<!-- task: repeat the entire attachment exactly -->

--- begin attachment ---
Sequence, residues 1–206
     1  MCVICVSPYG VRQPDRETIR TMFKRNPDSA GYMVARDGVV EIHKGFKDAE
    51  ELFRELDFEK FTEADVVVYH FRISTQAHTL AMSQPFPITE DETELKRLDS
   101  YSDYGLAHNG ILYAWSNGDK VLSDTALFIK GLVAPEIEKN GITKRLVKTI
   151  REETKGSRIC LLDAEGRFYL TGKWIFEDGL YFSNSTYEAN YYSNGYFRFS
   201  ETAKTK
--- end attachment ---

Sequence, residues 1–206
     1  MCVICVSPYG VRQPDRETIR TMFKRNPDSA GYMVARDGVV EIHKGFKDAE
    51  ELFRELDFEK FTEADVVVYH FRISTQAHTL AMSQPFPITE DETELKRLDS
   101  YSDYGLAHNG ILYAWSNGDK VLSDTALFIK GLVAPEIEKN GITKRLVKTI
   151  REETKGSRIC LLDAEGRFYL TGKWIFEDGL YFSNSTYEAN YYSNGYFRFS
   201  ETAKTK